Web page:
Posted by Vaishali Bhargav
We’ve watched the Marvel Cinematic Universe take flight with Iron Man, 10 years ago and continue to find box office and critical success with their next 18 movies, we’ve seen multiple DC movies get made with Batman and/or Superman beating the life out of the villain who is most of the times convinced that he’s right, we’ve seen the journey of Luke Skywalker from a young, hopeful boy to an old man who’s lost all the hope he once had, however what these franchises have not shown us are strong, diverse, women of colour take control of their narrative in these heavily men lead movies.
The Marvel Cinematic Universe came into existence in 2008 and for the past decade, it has in its own way ruled the box office with its 19 movies, establishing a shared universe, a concept that many have tried to achieve but failed. However, this universe is heavily established on straight white male characters and there’s a glaring lack of women of colour.
Before Black Panther and Thor Ragnarok, the lead black woman in this universe was Zoe Saldana and even she was painted green for her portrayal of Gamora. Black Panther and Thor Ragnarok showcased black women in unapologetically strong roles, however, it took Marvel almost 8 years to include these women in their movies.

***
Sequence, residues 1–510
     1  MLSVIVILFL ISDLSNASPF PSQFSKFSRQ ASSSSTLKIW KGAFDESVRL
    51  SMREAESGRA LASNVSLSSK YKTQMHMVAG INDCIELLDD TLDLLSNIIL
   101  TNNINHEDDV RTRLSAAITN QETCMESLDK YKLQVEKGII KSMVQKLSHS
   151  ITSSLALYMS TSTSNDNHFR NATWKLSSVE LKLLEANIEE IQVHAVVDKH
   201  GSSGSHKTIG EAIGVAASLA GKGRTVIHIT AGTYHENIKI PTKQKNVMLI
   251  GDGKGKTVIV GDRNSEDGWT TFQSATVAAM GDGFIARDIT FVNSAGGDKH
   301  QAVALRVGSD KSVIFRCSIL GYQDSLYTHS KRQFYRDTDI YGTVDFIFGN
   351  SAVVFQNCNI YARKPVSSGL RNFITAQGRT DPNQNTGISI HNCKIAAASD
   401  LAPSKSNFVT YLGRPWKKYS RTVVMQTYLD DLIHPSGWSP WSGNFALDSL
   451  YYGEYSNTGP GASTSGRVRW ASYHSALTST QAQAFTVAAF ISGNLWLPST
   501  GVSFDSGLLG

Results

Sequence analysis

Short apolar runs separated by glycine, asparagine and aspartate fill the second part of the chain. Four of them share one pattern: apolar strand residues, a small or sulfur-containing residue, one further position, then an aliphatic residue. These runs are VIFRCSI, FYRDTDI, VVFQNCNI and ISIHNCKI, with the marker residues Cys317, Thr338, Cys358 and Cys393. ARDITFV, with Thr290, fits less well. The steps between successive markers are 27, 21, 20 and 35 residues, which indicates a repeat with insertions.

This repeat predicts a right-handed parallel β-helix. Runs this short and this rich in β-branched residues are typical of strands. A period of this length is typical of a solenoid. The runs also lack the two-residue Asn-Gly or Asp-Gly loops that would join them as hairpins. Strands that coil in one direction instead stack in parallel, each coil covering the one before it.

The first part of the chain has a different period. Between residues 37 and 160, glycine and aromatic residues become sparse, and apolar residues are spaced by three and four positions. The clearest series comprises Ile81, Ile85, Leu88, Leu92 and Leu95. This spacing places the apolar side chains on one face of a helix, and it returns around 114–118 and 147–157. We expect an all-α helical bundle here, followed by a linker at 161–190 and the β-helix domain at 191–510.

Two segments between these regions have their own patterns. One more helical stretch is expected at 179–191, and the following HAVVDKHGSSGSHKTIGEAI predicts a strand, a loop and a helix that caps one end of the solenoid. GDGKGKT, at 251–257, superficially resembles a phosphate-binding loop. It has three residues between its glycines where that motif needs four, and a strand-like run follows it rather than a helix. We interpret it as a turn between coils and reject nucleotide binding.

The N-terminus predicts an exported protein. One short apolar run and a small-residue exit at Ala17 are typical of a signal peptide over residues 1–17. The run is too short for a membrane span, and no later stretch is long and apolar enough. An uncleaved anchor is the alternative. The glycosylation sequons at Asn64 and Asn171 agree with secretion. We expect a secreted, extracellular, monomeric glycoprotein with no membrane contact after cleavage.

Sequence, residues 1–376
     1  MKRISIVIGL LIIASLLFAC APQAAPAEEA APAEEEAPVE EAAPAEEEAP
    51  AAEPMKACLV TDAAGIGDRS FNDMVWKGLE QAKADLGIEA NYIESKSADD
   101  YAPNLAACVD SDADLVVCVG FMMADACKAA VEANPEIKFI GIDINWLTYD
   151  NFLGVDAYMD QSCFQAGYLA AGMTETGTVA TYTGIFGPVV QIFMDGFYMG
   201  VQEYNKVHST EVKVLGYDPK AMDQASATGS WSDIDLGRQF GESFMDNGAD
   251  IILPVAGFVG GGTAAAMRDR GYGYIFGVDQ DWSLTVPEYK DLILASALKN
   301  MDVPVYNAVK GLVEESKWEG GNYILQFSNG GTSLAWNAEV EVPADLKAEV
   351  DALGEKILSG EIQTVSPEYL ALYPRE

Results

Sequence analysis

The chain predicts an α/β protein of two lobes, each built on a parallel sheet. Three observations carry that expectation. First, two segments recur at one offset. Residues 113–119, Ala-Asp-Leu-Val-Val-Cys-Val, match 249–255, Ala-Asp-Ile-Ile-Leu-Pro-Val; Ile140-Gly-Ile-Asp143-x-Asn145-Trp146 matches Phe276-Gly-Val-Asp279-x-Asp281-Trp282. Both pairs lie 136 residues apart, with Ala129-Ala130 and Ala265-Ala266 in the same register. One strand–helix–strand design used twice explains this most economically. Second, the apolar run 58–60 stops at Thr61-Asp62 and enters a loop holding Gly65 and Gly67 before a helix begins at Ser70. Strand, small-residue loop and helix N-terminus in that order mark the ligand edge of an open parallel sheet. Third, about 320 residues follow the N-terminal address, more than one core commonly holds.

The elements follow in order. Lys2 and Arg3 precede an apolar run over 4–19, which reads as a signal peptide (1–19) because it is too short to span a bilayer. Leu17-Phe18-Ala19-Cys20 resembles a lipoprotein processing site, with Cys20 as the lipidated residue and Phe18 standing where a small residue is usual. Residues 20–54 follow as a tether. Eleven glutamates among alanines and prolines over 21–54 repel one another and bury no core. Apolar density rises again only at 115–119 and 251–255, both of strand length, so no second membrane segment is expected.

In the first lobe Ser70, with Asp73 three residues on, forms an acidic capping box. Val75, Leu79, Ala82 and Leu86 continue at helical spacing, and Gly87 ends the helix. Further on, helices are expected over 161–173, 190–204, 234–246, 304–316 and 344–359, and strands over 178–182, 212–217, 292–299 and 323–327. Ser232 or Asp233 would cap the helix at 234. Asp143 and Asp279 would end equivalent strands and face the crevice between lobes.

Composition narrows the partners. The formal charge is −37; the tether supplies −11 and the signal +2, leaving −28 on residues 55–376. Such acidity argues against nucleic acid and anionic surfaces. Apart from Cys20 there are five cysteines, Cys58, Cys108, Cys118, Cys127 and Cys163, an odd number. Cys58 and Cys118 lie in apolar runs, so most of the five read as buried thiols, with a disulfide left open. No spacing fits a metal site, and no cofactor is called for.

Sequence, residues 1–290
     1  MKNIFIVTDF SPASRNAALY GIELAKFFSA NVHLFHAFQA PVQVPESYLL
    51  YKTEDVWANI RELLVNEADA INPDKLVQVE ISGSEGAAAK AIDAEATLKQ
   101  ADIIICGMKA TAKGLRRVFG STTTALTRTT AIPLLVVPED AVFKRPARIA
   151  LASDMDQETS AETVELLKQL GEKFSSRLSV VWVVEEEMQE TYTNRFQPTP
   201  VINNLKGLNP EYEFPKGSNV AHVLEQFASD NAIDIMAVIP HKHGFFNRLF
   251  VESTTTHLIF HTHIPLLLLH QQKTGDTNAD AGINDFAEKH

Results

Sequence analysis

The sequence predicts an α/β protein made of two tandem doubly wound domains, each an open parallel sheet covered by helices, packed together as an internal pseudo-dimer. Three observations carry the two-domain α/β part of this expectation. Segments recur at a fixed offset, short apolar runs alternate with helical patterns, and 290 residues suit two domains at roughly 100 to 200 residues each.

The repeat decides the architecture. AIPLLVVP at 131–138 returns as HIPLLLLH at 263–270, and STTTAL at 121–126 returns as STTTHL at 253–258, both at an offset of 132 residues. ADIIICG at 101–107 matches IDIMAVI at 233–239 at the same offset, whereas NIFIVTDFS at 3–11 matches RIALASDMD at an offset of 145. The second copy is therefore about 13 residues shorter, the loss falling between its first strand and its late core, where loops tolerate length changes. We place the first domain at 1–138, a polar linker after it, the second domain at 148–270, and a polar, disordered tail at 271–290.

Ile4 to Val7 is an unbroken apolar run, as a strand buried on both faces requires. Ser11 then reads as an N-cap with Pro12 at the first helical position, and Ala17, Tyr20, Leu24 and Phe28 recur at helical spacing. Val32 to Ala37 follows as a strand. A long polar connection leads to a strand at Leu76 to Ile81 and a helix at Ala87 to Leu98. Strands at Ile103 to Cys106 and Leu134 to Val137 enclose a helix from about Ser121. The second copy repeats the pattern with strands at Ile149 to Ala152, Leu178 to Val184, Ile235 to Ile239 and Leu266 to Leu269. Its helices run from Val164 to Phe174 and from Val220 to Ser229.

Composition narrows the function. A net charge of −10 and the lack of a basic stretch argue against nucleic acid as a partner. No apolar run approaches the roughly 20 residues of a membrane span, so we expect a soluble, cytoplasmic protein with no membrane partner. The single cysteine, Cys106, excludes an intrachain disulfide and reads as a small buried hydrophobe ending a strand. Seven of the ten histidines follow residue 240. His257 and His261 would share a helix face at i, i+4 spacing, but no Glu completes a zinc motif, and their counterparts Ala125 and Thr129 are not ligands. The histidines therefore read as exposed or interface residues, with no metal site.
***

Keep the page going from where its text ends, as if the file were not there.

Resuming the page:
Another instance where Marvel has mistreated its female characters of colour is when they casted Elizabeth Olsen, a Caucasian woman to play Wanda Maximoff, a character who is Romani in the comics hence leading a case of whitewashing. DC movies face the similar problem when they gave Katana, a Japanese woman, only a minute worth of screen time in Suicide Squad.
While Marvel and DC movies feature women of colour with little screen time, Star Wars is yet to cast someone who is not a white brunette as a lead in one of their films. Kelly Marie Tran in Star Wars: The Last Jedi and Thandie Newton in Solo: A Star Wars Story are the only two women of colour in this 40-year-old movie universe who had significant screen time and dialogue but were still not leads in any manner. You would expect a franchise that’s played a significant part in shaping pop culture for the past 3 decades to lead the way with diversity in film, however Star Wars has failed to do so when it comes to showcasing women of colour in strong and yet different roles.
These movies are made with the intention of showing real people in fantastical roles, often becoming a medium of escapism and hope, however women of colour find themselves searching for someone who looks like them in these character driven movies. While the past of these franchises can’t be changed we can rightfully hope for them to do better when it comes to representing women of colour as we are being more vocal than ever for inclusion and diversity and these franchises are being called out for their lack of the same.